Survivability is a critical consideration for the U.S. Navy’s fleet of amphibious connectors. Current operating concepts and an evolving threat environment demand that the Navy and U.S. Marine Corps re-evaluate survivability of connectors in their analysis for the current and future fleet. Connectors that were deemed survivable for missions in a different threat environment might not be survivable when operating against an evolved adversary.
- How have past concepts driven Navy and Marine Corps thinking about watercraft survivability?
- How was survivability factored into the requirements for today's fleet of amphibious connectors?
- How can the Navy and Marine Corps improve surface connector survivability for the fleet of the future?
China and Russia are widely acknowledged as near-peer threats to the United States and its allies. Engagement with these adversaries could involve amphibious operations of various degrees. New U.S. Marine Corps strategies and the need for more expeditionary flexibility by the U.S. Army and U.S. Air Force require modernization of U.S. capabilities in source—port, ship, shore—to objective movement in contested environments. Amphibious ship-to-shore connectors fall into this category, but might not provide sufficient lift, survivability, and speed for future requirements. Survivability is a critical design component of the U.S. Navy's fleet of amphibious connectors. Current operating concepts and an evolving threat environment demand that the Navy and Marine Corps reevaluate survivability of connectors in their analysis for the current and future fleet. Connectors that were deemed survivable under different concepts in a different threat environment might not be as survivable when they operate in a contested environment against an evolved adversary.
The Navy and Marine Corps must address the survivability of their current fleet of amphibious combat craft, which they rely on for maneuver and sustainment of troops and large equipment. Current operational concepts—distributed maritime operations (DMO), Expeditionary Advanced Base Operations (EABO), and Stand-In Forces (SiFs)—recognize a new threat environment, and current requirements for survivability might not be sufficient for this environment.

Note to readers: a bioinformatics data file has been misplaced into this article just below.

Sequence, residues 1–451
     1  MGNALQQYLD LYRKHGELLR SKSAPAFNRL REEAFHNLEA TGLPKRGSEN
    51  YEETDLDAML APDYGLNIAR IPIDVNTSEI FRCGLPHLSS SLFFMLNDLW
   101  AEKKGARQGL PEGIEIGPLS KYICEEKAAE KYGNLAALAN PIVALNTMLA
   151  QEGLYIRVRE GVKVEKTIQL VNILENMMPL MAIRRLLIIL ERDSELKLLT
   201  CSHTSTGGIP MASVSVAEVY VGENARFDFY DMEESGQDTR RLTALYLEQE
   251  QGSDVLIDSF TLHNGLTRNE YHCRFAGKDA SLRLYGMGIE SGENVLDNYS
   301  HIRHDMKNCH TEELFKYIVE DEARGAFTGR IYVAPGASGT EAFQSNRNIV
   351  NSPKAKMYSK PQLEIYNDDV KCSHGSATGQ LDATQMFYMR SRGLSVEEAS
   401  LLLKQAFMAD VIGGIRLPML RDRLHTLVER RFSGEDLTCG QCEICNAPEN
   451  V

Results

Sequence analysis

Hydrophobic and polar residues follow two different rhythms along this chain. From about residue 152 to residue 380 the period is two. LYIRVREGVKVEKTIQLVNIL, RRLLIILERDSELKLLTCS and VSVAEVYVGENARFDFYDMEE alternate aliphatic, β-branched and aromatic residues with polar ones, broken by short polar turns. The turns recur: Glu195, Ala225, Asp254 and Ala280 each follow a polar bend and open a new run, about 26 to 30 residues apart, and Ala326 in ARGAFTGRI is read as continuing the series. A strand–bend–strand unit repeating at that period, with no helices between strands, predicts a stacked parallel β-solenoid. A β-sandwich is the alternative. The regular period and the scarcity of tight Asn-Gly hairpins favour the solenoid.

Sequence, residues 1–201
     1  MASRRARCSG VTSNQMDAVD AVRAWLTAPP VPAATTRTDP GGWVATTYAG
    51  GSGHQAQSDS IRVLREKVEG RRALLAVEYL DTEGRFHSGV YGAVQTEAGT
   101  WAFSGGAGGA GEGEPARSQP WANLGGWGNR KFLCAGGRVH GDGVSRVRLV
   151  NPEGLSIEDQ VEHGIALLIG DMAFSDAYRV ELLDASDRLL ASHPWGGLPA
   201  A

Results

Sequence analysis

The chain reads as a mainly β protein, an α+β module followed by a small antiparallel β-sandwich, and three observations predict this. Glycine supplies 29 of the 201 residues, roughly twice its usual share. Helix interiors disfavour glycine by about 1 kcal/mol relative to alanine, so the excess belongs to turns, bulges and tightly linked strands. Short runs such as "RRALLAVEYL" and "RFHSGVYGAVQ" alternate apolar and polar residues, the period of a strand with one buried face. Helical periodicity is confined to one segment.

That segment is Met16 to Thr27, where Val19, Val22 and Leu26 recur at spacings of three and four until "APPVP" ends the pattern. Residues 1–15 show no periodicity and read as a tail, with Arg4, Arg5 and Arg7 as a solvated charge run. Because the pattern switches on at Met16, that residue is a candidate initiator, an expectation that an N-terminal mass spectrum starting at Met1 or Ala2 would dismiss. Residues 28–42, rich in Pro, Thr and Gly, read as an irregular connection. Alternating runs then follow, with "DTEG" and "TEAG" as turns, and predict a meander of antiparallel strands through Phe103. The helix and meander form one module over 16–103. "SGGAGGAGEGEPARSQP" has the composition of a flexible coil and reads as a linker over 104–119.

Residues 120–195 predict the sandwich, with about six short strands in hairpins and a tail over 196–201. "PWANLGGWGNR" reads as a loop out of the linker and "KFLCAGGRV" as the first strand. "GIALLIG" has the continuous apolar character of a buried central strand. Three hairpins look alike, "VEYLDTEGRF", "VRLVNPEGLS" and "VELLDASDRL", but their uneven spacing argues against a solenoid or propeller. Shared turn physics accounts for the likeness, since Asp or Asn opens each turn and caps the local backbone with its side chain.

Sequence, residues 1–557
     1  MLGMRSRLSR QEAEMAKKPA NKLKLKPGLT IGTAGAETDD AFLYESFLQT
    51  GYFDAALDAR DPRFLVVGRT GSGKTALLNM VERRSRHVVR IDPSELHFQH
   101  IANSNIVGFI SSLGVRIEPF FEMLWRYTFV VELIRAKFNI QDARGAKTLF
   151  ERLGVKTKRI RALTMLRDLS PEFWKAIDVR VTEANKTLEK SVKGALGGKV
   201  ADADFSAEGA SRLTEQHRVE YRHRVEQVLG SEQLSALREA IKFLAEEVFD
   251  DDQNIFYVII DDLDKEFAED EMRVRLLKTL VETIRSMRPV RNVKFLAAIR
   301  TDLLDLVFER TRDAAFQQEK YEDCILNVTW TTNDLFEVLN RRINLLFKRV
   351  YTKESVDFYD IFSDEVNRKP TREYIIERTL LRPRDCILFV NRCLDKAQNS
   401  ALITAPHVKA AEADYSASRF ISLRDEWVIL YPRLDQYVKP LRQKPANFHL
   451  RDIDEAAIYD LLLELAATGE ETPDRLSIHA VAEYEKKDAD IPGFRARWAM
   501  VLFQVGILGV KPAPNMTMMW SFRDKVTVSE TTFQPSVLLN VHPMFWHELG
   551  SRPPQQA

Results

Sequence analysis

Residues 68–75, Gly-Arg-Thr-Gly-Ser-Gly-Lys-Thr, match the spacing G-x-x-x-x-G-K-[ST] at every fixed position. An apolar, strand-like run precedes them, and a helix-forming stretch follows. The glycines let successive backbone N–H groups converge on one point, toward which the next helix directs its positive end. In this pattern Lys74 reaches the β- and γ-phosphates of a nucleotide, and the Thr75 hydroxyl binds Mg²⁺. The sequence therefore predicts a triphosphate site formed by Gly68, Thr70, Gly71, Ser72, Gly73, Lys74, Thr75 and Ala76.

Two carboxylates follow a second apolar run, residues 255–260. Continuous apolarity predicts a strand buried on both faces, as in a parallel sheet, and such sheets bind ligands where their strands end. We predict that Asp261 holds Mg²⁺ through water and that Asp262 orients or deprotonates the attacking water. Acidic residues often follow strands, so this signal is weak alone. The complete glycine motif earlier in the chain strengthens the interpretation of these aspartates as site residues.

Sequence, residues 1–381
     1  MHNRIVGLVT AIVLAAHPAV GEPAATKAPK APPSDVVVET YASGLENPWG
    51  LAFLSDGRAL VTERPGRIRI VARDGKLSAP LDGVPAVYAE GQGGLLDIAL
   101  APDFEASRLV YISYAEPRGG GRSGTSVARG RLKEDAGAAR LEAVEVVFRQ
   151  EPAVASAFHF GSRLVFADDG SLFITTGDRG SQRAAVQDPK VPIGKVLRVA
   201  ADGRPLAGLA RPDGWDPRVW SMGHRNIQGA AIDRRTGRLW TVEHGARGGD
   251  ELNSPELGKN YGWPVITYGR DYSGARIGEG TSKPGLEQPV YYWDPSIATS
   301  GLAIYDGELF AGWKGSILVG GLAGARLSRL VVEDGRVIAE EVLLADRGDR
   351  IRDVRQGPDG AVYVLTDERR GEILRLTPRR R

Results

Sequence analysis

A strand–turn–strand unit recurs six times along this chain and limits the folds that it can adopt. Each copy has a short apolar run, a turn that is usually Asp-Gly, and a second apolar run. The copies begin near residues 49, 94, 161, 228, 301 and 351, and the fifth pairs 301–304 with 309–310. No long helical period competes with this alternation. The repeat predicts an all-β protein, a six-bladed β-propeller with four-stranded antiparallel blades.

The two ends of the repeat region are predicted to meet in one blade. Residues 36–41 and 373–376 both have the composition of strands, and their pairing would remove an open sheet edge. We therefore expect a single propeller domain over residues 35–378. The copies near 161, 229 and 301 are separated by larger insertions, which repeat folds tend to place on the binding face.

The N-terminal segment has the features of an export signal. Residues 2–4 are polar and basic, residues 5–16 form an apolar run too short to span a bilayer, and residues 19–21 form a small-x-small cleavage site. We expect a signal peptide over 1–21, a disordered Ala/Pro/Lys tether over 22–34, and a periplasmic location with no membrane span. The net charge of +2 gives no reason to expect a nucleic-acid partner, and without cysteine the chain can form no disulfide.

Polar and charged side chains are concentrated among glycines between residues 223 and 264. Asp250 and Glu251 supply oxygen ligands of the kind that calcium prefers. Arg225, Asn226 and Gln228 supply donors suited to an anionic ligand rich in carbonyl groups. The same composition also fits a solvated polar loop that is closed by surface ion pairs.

- The Navy and Marine Corps designed and developed its current fleet of connectors for a different era and different operational concepts.
- Current concepts, such as DMO, EABO, and SiFs, recognize that the Navy and Marine Corps face a new threat environment that will require them to operate differently.
- The Navy and Marine Corps have demonstrated different levels of prioritization of survivability in the face of trade-offs between survivability and cost, ship availability, maneuverability, and other factors.
- The Naval Services should address the survivability of their current fleet of amphibious craft, which they rely on for maneuver and sustainment of troops and large equipment and consider how to apply the established survivability framework to developing updated requirements.
- Develop and formalize an analytic framework for connector survivability and use it to develop requirements for future connectors.
- Invest in the survivability of the current connector fleet to enhance the viability of current platforms.
- Develop tactics, techniques, and procedures and associated training to support the Marine Corps' new operating concepts.
- Elevate the role of operational and tactical intelligence for amphibious forces.